Alzheimer’s researchers, and colleagues across neuroscience, are mourning the loss of Ben Barres, who died December 27 of pancreatic cancer at the age of 63. First diagnosed in March 2016, Barres continued pursuing the work he loved and discussed research plans until the very end. His last act as a scientist, days before his passing, was to complete letters of recommendation for all his trainees.
Barres had a passion for glia, those long-overlooked cells that make up the bulk of the brain. His work helped launch glial research into the mainstream. It convinced other scientists that these cells are far more than just passive “glue” that binds neurons together, and that they play active roles in shaping, maintaining, and destroying brain connections. More than a decade ago, at Stanford University, Barres uncovered that astrocytes help regulate synapse formation and transmission (Jan 2001 news; Christopherson et al., 2005). Later, Beth Stevens in his group found that astrocytes and microglia prune synapses in response to signals from complement proteins of the innate immune system, both during development and in neurodegenerative disease (Dec 2007 news). This work, which Stevens continues in her own lab, may help researchers devise ways to stem synapse loss in AD and other disorders (Mar 2015 conference news; Nov 2015 conference news; Apr 2016 news). In 2011 Barres cofounded a company, Annexon Biosciences, to develop therapeutics that target this system. An antibody directed against complement protein C1q is in Phase 1.
While Barres’ synaptic and complement discoveries generated headlines, he advanced the field of glial biology more broadly, in part by providing comprehensive catalogues of gene expression by various types of purified glial cell. His transcriptome database for mouse astrocytes, oligodendrocytes, and neurons became widely used; Barres noted that it was his most cited scientific paper (Jan 2008 news). More recently, Barres published transcriptomes for human astrocytes and mouse microglia (Jan 2016 news; Jun 2017 news). Other studies in his lab plumbed the mysteries of oligodendrocyte behavior, and uncovered glia-glia interactions that may hold the key to toxicity in neurodegenerative disease (Mar 2010 news; Jan 2017 news).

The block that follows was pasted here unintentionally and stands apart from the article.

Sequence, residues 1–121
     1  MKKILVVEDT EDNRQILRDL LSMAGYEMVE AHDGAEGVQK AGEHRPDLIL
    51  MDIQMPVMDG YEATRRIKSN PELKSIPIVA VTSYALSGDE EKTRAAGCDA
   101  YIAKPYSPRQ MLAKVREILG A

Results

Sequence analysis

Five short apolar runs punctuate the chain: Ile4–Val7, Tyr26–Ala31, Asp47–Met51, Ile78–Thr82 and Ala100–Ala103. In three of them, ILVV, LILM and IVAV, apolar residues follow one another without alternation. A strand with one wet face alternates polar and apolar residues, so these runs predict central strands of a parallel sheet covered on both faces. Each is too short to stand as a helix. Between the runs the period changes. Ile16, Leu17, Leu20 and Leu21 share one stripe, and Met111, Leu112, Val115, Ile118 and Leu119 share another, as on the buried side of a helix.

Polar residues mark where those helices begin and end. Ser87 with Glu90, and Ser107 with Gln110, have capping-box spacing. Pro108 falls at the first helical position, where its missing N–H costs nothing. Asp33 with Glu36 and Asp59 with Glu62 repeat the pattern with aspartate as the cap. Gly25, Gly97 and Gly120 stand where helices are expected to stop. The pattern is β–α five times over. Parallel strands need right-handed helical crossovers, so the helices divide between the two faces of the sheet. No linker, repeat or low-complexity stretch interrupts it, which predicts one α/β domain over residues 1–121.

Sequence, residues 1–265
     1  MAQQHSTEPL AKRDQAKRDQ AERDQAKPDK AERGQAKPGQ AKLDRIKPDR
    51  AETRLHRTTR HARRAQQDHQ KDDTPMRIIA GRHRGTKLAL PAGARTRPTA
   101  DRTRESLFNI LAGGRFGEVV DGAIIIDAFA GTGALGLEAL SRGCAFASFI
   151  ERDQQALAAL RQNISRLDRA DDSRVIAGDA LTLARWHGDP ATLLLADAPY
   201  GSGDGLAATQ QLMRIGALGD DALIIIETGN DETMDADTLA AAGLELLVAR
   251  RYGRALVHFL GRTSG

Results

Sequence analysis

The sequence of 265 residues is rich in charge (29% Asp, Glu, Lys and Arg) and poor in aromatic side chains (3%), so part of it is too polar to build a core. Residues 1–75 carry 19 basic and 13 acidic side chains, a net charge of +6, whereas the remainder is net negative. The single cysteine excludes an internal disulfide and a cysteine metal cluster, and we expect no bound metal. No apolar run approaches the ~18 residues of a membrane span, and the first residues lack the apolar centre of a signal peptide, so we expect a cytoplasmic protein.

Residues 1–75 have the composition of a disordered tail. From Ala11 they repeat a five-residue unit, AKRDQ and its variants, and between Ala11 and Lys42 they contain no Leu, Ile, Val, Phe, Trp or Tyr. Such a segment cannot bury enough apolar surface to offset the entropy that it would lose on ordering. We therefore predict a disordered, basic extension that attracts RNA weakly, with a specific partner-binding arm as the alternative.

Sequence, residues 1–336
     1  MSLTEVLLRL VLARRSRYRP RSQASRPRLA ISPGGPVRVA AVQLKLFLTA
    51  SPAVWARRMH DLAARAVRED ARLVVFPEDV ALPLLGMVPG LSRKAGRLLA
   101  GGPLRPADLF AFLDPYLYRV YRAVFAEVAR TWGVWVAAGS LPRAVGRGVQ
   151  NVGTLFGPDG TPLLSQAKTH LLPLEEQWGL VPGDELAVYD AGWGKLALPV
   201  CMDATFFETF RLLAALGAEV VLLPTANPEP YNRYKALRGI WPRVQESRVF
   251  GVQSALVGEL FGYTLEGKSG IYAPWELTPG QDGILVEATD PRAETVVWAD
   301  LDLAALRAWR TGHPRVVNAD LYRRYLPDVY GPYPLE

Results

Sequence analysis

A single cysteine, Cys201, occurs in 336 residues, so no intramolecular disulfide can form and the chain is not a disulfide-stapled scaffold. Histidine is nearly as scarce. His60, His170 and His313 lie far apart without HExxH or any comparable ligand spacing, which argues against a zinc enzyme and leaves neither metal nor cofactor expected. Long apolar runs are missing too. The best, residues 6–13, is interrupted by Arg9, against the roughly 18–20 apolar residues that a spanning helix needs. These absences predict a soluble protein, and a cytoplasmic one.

Beyond his groundbreaking research, Barres gained recognition in the research community at large as a fierce advocate for diversity in science. Barres transitioned from woman to man at the age of 43. Experiencing how others reacted to him as first a female and then a male scientist gave him a unique perspective on the biases women face. His 2006 essay “Does Gender Matter?” triggered thousands of emails from female scientists describing their own experiences with gender discrimination (Barres, 2006). In 2013, Barres was the first transgender scientist to be elected to the National Academy of Sciences. He also championed the rights of young scientists; in the final year of his life, he argued in Nature that postdocs should be allowed to take their lines of research with them to their own labs (Barres, 2017). Barres’ life story and advocacy brought him lasting fame, and his death was covered across the scientific and general media. A recent story in The Scientist includes an in-depth interview about his life.
Taking the lab for a hike, circa 2005. Barres is at the far left. [Courtesy of Shane Liddelow.]
People who worked for Barres cite his extraordinary dedication to mentoring. He tirelessly promoted the careers of his mentees, and encouraged them to present their own research at conferences. He considered it essential that a scientist learn to discuss his or her research clearly, and lab meetings became marathon affairs as Barres argued about small details of the science. Barres prioritized helping students with their talks over his own needs. Mariko Bennett at Stanford told Alzforum that Barres was in the hospital recovering from a heart attack on the morning of her thesis defense, but still insisted on going over her talk with her to make sure she was ready. He was notorious for sending emails about research at two in the morning, leading his trainees to wonder if he ever slept.
Shane Liddelow, who is starting his own lab at New York University Langone Medical Center, told Alzforum that Barres allowed trainees to pursue their own research interests even when they diverged from other lab projects. “He trained people to be scientists, not to make him look good,” Liddelow said.